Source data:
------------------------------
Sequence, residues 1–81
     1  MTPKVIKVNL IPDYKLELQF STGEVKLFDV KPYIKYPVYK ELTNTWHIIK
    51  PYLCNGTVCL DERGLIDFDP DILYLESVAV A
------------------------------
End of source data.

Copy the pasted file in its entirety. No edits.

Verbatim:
Sequence, residues 1–81
     1  MTPKVIKVNL IPDYKLELQF STGEVKLFDV KPYIKYPVYK ELTNTWHIIK
    51  PYLCNGTVCL DERGLIDFDP DILYLESVAV A